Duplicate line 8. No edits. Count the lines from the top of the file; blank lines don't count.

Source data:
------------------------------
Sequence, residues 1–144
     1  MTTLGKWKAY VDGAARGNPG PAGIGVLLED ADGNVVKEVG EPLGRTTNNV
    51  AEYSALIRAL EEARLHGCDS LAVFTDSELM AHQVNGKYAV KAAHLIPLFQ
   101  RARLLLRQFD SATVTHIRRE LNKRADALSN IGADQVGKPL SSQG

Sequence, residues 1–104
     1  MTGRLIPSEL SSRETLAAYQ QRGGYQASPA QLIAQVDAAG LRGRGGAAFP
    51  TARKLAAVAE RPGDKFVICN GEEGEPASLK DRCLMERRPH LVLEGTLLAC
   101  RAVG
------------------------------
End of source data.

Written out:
   101  RAVG